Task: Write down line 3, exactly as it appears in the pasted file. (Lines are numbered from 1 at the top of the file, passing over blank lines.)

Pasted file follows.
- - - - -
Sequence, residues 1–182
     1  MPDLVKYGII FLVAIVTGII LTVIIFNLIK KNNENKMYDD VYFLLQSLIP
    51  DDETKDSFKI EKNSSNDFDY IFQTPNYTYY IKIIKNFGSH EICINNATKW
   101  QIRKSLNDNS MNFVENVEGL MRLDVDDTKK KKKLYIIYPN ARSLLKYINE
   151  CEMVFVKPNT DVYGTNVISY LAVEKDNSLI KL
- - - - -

    51  DDETKDSFKI EKNSSNDFDY IFQTPNYTYY IKIIKNFGSH EICINNATKW